Cityneon Holdings Limited (SGX: 5HJ) is a company that specialises in “crafting quality customer and brand experiences.” It has four business segments: Events & Exhibitions; Thematic Attractions; Interior Architecture; and Intellectual Property Experiences.
At the current price of S$0.93, the company’s stock is just 4.4% higher than a 52-week low of S$0.89. This captured my attention and got me interested in finding out more about the company. In particular, I want to understand: Does it have a high quality business?
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This question is important. If Cityneon has a high quality business, its current low stock price could be an investment opportunity. Unfortunately, there’s no easy answer to the question. But, a simple metric can help shed some light on the question: The return on invested capital (ROIC).
A brief introduction to the ROIC
In a previous article of mine, I explained how the ROIC can be used to evaluate the quality of a business.
The simple idea behind the ROIC is that a business with a higher ROIC requires less capital to generate a profit, and it thus gives investors a higher return per dollar that is invested in the business. High-quality businesses tend to have high ROICs while the reverse is true – a low ROIC is often associated with a low-quality business.
You can see how the math works for the ROIC in the formula above.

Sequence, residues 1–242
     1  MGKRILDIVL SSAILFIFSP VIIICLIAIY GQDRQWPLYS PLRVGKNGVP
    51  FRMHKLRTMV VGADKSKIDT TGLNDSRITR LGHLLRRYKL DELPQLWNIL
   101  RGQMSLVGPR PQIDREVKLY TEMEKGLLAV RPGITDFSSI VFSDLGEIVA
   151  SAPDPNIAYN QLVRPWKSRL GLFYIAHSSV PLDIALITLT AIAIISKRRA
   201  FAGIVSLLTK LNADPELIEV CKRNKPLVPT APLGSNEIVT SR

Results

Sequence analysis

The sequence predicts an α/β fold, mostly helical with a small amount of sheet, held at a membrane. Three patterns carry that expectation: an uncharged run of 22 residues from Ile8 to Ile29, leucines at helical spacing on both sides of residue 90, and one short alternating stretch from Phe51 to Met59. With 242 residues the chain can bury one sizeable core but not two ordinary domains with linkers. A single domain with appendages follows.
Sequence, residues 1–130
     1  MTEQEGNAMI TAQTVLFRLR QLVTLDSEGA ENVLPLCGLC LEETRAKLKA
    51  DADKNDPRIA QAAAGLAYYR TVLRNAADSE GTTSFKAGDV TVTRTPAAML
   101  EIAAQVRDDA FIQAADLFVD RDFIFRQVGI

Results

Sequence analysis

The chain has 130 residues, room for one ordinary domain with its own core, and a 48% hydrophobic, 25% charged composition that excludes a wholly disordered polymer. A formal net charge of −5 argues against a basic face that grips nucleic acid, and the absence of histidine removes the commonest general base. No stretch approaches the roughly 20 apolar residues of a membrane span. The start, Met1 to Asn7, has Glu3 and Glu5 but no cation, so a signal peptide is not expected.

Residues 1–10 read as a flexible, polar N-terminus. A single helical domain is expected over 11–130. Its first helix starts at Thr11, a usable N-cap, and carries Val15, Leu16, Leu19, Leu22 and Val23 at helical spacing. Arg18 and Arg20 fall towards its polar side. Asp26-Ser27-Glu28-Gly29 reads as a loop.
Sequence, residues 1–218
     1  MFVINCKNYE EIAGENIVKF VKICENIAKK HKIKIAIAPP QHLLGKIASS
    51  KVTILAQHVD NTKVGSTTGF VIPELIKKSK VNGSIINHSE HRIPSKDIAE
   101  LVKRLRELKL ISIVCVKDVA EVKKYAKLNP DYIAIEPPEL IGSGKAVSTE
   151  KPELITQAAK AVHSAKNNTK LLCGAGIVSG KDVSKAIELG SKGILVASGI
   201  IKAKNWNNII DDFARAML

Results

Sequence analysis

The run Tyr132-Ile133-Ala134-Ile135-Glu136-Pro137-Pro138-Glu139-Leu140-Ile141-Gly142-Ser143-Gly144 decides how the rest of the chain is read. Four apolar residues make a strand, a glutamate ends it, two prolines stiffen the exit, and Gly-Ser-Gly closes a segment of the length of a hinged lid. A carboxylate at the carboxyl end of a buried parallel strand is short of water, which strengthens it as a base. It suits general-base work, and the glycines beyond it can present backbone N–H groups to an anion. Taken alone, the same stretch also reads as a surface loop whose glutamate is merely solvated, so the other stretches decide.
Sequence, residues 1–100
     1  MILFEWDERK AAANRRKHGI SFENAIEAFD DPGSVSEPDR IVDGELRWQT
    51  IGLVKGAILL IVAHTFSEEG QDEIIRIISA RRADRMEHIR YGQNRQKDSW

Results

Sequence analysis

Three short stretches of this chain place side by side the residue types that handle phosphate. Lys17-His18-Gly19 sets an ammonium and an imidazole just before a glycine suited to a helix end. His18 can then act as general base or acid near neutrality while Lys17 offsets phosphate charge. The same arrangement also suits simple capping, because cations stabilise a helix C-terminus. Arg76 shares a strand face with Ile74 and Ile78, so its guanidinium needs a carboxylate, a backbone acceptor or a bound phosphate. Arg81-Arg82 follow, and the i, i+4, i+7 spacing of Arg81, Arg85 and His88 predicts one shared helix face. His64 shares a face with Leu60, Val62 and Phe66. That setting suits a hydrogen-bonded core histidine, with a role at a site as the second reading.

The table below shows how Cityneon’s ROIC looks like. I had used numbers from its fiscal year ended 31 December 2017.
Source: Cityneon 2017 annual report
In 2017, Cityneon generated a ROIC of 34.0%. This means that for every dollar of capital invested in the business, Cityneon earned 33 cents in profit. The company’s ROIC of 34.0% is high and above average, based on the ROICs of many other companies I have studied in the past, and suggests that Cityneon has a high quality business.
But, there are two important points about Cityneon’s ROIC that investors should know. Firstly, my ROIC calculation above excludes S$66.5 million in short-term debt on Cityneon’s balance sheet as of end-2017. Secondly, Cityneon’s balance sheet also contained S$31.3 million in intangible assets (licenses to use brands such as Transformers, Marvel’s Avengers, and Jurassic World) as of the same date. I think it is necessary to include both numbers to give a more relevant ROIC calculation, since both look to me to be necessary capital components of Cityneon’s business model. After adjusting for both numbers, Cityneon’s ROIC becomes a much more pedestrian 13.7%.
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The information provided is for general information purposes only and is not intended to be personalised investment or financial advice. Motley Fool Singapore contributor Lawrence Nga doesn’t own shares in any companies mentioned.